The proposal was considerably at variance from what Mahoning County Democratic officials feared. Before Kasich’s visit, Ken Carano, a former state representative from Austintown, county Auditor Michael Sciortino and county Commissioner Carol Rimedio-Righetti held a press conference at Democratic Party headquarters to express opposition to selling or leasing the turnpike to private interests and using the proceeds to finance needed infrastructure repairs. They were also opposed to the turnpike coming under the control of ODOT.
What Kasich proposes, however, does not sell or lease the turnpike. It would continue as an independent entity “with expanded authority and be renamed ‘Ohio Turnpike and Infrastructure Commission.’ ”
More than 90% of the revenues directed to infrastructure would go “directly to northern Ohio highway projects, including the turnpike,” Kasich promised. “Tolls for local trips paid for with EZ Pass are frozen for 10 years. … All other tolls are capped at inflation,” which the governor noted, “is significantly less than historic toll increases.”
When the Democrats expressed fear that many of the 1,000 employed by the turnpike could lose their jobs, Kasich and Wray said they do not anticipate any lay-offs should the initiative be adopted.
Both Broska and Wachtmann believe the $3 billion raised would not only finance the needed roads and bridges with no increase in taxes, the projects would begin much sooner. Some, they said, couldn’t be taken on for as long as 25 years for want of funding otherwise.
Said Kasich, “Now, you're going to have caps on the tolls and you're going to have a bunch of projects and add 65,000 jobs. … I think we ought to do it.''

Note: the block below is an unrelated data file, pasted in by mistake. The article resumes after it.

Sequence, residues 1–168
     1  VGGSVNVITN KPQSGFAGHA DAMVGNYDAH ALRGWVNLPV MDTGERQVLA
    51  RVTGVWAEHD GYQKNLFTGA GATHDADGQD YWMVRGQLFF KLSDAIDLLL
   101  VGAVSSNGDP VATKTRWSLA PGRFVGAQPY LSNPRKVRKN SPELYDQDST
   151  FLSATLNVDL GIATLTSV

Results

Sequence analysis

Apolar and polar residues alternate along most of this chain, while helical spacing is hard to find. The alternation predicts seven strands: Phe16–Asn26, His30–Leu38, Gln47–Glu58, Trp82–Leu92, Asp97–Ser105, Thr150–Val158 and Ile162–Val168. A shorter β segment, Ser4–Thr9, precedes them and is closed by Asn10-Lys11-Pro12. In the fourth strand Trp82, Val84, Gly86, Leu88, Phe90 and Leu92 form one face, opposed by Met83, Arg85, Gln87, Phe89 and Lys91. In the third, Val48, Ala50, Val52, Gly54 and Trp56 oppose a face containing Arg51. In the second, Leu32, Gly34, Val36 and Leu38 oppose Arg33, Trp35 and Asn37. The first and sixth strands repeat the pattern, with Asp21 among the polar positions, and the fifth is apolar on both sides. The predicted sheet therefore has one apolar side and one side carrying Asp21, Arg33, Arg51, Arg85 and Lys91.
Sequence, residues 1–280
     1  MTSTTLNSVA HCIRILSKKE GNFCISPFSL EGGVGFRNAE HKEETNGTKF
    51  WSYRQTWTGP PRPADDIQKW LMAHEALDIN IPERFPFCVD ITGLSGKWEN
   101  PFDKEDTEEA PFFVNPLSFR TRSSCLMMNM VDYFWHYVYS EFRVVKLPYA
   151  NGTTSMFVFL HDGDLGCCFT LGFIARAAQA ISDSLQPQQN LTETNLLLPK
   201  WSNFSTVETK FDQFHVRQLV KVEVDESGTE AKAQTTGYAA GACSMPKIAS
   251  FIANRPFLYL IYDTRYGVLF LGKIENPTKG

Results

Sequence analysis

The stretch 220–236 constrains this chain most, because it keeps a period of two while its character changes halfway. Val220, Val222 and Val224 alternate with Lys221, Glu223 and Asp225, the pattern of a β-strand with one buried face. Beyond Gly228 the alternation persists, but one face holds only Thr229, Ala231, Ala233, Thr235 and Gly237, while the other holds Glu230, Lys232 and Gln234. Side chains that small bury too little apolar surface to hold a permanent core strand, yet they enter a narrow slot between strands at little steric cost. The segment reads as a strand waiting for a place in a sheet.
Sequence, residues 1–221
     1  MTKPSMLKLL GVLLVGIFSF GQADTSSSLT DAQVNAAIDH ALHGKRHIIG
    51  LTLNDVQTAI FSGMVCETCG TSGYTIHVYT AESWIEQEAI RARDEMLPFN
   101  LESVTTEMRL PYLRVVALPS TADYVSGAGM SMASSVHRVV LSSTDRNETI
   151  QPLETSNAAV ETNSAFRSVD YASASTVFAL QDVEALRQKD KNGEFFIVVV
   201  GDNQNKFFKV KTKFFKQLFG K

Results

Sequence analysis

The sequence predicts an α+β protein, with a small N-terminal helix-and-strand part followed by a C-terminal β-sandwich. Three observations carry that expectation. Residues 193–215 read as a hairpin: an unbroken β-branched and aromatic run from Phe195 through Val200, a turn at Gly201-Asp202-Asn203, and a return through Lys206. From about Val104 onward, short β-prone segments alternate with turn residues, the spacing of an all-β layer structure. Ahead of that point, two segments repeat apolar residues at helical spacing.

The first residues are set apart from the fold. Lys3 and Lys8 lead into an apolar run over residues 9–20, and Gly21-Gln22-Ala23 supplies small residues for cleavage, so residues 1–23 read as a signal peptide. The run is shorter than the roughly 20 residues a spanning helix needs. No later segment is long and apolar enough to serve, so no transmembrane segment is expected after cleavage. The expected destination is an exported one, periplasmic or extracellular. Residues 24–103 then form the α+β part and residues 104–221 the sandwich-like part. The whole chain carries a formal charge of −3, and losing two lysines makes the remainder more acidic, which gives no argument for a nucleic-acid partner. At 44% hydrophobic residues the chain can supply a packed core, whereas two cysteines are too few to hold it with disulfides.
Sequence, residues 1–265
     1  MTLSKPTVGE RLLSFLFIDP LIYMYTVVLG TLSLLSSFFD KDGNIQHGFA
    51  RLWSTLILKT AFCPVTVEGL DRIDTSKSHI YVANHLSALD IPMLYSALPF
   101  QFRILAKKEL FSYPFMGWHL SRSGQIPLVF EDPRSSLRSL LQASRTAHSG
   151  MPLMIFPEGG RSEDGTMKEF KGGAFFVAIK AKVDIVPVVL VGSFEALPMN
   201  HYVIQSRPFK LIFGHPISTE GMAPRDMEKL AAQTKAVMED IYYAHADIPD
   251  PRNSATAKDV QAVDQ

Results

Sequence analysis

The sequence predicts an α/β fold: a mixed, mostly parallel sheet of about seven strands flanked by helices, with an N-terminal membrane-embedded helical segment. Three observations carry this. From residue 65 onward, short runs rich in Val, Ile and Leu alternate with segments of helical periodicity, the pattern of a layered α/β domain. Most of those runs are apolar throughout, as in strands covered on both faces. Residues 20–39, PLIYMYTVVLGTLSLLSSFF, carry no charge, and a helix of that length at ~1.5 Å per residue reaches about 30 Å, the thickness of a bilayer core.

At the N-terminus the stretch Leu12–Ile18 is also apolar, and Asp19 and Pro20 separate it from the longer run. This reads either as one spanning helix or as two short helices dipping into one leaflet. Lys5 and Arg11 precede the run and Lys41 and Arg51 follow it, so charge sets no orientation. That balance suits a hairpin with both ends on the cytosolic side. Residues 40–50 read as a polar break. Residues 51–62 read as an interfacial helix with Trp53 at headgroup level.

In a joint press release distributed a few hours after Kasich spoke here, U.S. Reps. Tim Ryan, D-17, and Marcia Fudge, D-11) said while the plan “stopped short of fully privatizing the turnpike, the governor’s plan will bring many of the same dangers as privatization.”
Placing the turnpike under the control of ODOT “will allow the state to reallocate maintenance and infrastructure funds away from northern Ohio in order to fund projects around the state at the expense of residents in northern Ohio,” they said.
“Growth industries such as shale gas development, automotive manufacturing and advanced engineering all rely on the Turnpike for transportation, and making the turnpike less reliable and more expensive jeopardizes the state’s ability to create economic development opportunities.”
The governor's office released to news organizations a long list of supporting comments from public officials, business and labor leaders. Among them was this statement from the mayor of Cleveland, Frank Jackson: "I think it’s a good decision, good process, good outcome, good decision, good for Cleveland, good for northeastern Ohio."
Said Joe Roman, CEO of the Greater Cleveland Partnership, "Commerce of northern Ohio will get a big push from this."
Added Gary TIboni, the president of Teamsters Local 436, which represents turnpike employees, "The governor got it right. It keeps my people working.”
Copyright 2012 The Business Journal, Youngstown, Ohio.